“There are billions of dollars of immediate repairs [needed] on those waterfront structures, [and] E.D.C. over a 10-year period, gets about $150 million in the budget to make those repairs,” he said.

Although the Tin Building, which was badly damaged in a ’95 fire, is likely to be taken down, it was always in Hughes’ plans to dismantle and restore the building as best it could, so the E.D.C. announcement does not appear to change those plans, if the Hughes project ends up being approved.

Shorter building 

As for the Seaport tower, things had been in limbo all of this year, as observers continue to wait for the Hughes Corp. to proceed with its landmarks application.

On June 3, David Weinreb, Hughes C.E.O., sent Mayor Bill de Blasio a letter saying they were changing the design. A Hughes spokesperson said the decision to change was made shortly before the letter was sent.

Weinreb was reacting to a May 20 letter signed by Board 1 as well as non-profit preservation groups like the New York Landmarks Conservancy and Historic District Council criticizing the city’s deference to Hughes.

Last week, Chris Curry, the Hughes executive in charge of Seaport development, angered many C.B. 1 meeting attendees when he did not have any details about the revisions to come.

“We didn’t completely satisfy the height issue,” Curry said of the 500-foot tower plan being changed. “The height issue may never be completely satisfied to everyone’s satisfaction, but what I can tell you is we are looking at a significantly revised plan that I don’t even know what it looks like yet, so it’s not going to be shared.”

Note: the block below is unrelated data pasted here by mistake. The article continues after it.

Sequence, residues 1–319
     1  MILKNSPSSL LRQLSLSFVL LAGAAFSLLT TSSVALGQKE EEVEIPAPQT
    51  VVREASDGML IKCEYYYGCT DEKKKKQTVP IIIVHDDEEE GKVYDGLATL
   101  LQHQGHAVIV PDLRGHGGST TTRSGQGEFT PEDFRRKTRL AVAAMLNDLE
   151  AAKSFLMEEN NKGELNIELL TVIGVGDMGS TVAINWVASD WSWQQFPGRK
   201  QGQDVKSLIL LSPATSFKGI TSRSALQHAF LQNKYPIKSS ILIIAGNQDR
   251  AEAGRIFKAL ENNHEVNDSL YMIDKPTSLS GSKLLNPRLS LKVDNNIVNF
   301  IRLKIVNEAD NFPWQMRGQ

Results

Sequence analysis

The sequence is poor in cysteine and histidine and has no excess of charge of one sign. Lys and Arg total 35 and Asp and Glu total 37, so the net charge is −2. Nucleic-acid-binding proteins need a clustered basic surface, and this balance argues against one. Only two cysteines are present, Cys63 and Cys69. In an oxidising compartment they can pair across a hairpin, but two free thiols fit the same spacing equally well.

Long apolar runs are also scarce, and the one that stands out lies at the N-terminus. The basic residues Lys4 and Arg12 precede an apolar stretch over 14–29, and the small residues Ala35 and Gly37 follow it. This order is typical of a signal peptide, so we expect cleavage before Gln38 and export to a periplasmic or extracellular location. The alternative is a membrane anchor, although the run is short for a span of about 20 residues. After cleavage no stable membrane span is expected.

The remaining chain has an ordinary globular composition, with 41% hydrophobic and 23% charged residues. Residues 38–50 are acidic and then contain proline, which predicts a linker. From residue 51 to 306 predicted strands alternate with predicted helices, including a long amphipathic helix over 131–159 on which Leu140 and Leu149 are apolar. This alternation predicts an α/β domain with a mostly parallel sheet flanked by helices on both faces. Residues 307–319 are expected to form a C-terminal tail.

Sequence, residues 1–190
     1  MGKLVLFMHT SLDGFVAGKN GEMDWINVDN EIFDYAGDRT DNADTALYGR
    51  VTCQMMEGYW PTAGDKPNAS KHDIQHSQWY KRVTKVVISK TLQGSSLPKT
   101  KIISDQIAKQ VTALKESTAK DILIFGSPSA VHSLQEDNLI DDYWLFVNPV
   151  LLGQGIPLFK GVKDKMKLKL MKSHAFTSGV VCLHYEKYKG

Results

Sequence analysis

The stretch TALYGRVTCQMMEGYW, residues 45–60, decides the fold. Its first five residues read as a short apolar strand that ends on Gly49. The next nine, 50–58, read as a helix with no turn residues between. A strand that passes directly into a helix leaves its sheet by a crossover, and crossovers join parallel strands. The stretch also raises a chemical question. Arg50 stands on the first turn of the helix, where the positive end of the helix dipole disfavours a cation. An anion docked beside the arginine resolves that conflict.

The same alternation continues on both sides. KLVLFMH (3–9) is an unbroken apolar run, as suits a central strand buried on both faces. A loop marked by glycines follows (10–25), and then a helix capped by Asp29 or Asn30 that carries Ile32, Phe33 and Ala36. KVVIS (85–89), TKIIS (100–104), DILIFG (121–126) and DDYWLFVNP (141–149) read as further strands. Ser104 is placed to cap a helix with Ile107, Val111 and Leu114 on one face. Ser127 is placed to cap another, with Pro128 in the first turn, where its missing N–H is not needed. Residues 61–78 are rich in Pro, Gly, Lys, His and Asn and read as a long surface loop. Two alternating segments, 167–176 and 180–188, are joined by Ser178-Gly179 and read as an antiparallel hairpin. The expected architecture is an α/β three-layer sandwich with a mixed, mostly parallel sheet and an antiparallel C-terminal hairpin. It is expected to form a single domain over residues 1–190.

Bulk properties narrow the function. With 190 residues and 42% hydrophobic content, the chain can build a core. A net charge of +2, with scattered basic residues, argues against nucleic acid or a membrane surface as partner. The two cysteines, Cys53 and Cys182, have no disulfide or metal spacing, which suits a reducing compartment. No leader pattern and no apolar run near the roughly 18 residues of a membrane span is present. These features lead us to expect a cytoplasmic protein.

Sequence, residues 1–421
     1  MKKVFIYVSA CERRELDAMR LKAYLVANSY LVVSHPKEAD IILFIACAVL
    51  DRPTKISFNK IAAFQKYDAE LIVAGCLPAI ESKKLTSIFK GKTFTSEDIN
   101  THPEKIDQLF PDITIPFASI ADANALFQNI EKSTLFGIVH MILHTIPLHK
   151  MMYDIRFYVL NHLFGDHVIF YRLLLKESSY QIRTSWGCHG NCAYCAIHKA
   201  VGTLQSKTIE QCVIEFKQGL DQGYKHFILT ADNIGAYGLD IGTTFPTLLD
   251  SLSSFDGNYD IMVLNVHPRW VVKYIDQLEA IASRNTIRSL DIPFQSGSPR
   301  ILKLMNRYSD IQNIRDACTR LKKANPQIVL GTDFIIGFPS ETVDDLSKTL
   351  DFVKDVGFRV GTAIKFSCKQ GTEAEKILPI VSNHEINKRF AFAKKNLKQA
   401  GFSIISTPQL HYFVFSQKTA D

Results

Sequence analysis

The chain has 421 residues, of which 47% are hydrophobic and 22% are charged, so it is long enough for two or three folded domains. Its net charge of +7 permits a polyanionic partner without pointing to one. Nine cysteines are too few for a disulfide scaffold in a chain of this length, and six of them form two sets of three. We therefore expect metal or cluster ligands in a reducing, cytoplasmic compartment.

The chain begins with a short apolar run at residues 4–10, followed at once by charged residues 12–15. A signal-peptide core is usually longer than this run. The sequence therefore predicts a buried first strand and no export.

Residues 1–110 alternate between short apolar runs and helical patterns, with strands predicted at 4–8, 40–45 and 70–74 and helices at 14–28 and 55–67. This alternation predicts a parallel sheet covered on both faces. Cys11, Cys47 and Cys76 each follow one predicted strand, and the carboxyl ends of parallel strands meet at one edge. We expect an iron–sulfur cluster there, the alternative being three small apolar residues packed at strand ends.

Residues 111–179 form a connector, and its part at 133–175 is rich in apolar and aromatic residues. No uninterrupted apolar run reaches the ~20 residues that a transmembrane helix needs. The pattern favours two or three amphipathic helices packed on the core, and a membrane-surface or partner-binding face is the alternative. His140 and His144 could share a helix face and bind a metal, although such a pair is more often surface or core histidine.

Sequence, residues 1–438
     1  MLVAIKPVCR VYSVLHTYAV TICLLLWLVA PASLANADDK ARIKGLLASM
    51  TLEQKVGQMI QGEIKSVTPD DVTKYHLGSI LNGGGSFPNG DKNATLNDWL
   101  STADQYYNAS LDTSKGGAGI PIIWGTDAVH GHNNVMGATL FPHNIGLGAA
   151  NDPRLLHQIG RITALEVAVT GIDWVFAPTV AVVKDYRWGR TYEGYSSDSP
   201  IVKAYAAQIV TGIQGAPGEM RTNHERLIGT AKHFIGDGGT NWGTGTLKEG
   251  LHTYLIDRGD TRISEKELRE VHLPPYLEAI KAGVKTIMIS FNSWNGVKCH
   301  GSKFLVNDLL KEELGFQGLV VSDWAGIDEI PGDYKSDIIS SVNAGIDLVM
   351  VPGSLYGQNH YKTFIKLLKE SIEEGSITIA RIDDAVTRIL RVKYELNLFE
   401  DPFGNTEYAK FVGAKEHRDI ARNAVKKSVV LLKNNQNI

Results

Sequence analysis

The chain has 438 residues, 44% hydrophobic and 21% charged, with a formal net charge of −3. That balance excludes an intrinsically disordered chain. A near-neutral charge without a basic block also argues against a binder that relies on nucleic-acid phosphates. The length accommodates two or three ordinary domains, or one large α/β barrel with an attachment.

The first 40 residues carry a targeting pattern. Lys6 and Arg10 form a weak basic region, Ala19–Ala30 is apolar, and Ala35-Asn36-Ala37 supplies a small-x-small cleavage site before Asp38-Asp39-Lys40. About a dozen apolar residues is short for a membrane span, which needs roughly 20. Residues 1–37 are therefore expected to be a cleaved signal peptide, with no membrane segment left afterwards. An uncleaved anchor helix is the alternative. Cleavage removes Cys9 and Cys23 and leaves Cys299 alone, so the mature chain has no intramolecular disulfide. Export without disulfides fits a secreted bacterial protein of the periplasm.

There were sarcastic chuckles when he said “we have been nothing but transparent.”

The reaction has clearly perplexed Hughes executives, who are privately wondering why they’re getting pushback for conceding

on the biggest sticking point, the building’s size.

Curry said they have been trying to meet the guidelines of the Seaport Working Group, which was run by E.D.C. mediators, and was made up of local politicians, community leaders and Hughes.

“Something that came up at the Seaport Working Group a lot was ‘let’s press pause, let’s just slow down,’” Curry said of last year’s discussions. “That’s what’s happened. That’s why we don’t have much happening…No one wants to move faster than I do.”

In response, Roger Byrom, chairperson of C.B. 1’s Landmarks Committee, said “yes, whilst we did ask for a pause, that pause was a long, long, time ago.”

Byrom said the historic buildings “are now exposed. We’re sitting here with all of this history, without a sense of how to move forward.”

Later in a phone interview he said “it’s hard to judge” whether the smaller building will be a positive development until the plans are revealed.

The leaders of the working group, Borough President Gale Brewer and Councilmember Margaret Chin, did not attend either recent meeting, but both were more bullish about a new design.

“H.H.C’s statement that they are ‘working on a significantly revised plan to address the height issue’ is welcome news,” the pair said in a statement June 4.  “We look forward to seeing how well their revised proposal meets the Seaport Working Group guidelines and preserves and enhances the vibrancy and historical significance that the Seaport deserves.”

Schematic of the project areas, including the current tower site, the New Market Building, and the Tin Building. Image courtesy of the Howard Hughes Corp.
Schematic of the project areas, including the current tower site, the New Market Building, and the Tin Building. Image courtesy of the Howard Hughes Corp.